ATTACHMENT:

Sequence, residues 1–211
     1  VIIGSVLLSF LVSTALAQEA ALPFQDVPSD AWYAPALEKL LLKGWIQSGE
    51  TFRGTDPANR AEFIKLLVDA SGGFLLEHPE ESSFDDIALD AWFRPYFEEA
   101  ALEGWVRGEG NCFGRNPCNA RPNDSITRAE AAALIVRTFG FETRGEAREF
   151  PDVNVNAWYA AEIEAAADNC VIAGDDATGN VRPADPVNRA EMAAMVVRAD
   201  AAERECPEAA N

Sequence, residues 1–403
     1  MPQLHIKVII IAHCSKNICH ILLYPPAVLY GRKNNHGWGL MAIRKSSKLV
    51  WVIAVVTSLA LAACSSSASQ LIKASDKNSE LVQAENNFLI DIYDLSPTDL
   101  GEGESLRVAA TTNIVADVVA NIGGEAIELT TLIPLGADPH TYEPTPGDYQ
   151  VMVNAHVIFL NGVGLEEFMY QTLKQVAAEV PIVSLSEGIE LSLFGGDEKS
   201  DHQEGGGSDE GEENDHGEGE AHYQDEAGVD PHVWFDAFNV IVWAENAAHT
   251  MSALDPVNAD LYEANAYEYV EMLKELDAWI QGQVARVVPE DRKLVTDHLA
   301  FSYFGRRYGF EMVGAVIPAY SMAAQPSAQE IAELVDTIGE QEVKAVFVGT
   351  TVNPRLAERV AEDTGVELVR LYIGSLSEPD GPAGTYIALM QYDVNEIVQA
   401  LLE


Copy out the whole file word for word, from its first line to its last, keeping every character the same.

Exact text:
Sequence, residues 1–211
     1  VIIGSVLLSF LVSTALAQEA ALPFQDVPSD AWYAPALEKL LLKGWIQSGE
    51  TFRGTDPANR AEFIKLLVDA SGGFLLEHPE ESSFDDIALD AWFRPYFEEA
   101  ALEGWVRGEG NCFGRNPCNA RPNDSITRAE AAALIVRTFG FETRGEAREF
   151  PDVNVNAWYA AEIEAAADNC VIAGDDATGN VRPADPVNRA EMAAMVVRAD
   201  AAERECPEAA N

Sequence, residues 1–403
     1  MPQLHIKVII IAHCSKNICH ILLYPPAVLY GRKNNHGWGL MAIRKSSKLV
    51  WVIAVVTSLA LAACSSSASQ LIKASDKNSE LVQAENNFLI DIYDLSPTDL
   101  GEGESLRVAA TTNIVADVVA NIGGEAIELT TLIPLGADPH TYEPTPGDYQ
   151  VMVNAHVIFL NGVGLEEFMY QTLKQVAAEV PIVSLSEGIE LSLFGGDEKS
   201  DHQEGGGSDE GEENDHGEGE AHYQDEAGVD PHVWFDAFNV IVWAENAAHT
   251  MSALDPVNAD LYEANAYEYV EMLKELDAWI QGQVARVVPE DRKLVTDHLA
   301  FSYFGRRYGF EMVGAVIPAY SMAAQPSAQE IAELVDTIGE QEVKAVFVGT
   351  TVNPRLAERV AEDTGVELVR LYIGSLSEPD GPAGTYIALM QYDVNEIVQA
   401  LLE